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                <code>data/books.xml</code> is <code>data/books.xsd</code>. Also supplied in the
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            samples resources is the file <code>data/books-invalid.xml</code>, which (as the name
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            suggests) is a version of the books file which is invalid against the schema, and
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                <code>data/more-books.xml</code> which lists some different books. These resources
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            may be used for instance with the sample applications <code>QuickValidator.java</code>,
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                <code>SchemaValidatorExample.java</code>, and
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                <code>SchemaValidatorHandlerExample.java</code>.</p>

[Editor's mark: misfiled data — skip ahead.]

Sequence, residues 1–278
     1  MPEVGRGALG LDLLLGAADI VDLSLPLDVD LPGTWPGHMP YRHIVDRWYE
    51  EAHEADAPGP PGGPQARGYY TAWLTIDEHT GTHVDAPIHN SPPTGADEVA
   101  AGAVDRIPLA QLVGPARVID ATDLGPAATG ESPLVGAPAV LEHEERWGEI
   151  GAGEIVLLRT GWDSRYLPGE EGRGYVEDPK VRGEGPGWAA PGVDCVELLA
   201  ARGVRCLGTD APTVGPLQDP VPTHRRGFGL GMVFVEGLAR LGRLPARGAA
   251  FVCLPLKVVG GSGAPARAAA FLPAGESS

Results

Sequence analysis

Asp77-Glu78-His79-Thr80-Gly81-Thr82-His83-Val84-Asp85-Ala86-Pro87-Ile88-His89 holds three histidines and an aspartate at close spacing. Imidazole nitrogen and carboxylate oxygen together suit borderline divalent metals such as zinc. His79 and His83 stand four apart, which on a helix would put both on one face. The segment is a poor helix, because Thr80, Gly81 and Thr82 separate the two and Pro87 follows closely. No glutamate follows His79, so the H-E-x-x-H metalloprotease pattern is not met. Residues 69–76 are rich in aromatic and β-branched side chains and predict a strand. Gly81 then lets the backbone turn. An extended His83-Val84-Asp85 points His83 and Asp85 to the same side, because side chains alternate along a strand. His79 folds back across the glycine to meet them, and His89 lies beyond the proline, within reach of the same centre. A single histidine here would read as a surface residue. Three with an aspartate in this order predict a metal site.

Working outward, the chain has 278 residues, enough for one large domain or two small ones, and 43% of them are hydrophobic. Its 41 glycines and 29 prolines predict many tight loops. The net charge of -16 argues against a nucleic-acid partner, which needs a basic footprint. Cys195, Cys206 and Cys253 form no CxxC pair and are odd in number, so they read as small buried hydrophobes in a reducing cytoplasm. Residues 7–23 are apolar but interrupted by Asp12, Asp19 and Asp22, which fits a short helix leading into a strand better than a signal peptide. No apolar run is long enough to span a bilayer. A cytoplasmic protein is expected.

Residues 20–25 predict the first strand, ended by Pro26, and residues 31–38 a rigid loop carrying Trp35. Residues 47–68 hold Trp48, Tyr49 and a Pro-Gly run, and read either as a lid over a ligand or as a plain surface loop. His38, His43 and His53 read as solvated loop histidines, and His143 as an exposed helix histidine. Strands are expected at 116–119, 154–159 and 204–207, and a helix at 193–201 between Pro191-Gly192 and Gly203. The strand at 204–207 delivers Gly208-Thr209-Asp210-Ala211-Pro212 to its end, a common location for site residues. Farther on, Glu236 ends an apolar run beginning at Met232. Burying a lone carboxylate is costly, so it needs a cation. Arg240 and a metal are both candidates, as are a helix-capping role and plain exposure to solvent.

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        <p>There is another stylesheet, <code>styles/books-csv.xsl</code>, which converts the data
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            in the file <code>data/books.xml</code> into a comma-separated-values file.</p>
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        <p>The stylesheet <code>styles/total.xsl</code> is used by the <a class="bodylink"
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                href="/samples/jdom2">JDOM2 Example</a> application, and the query
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                <code>query/books-to-html.xq</code> is used by one of the examples in the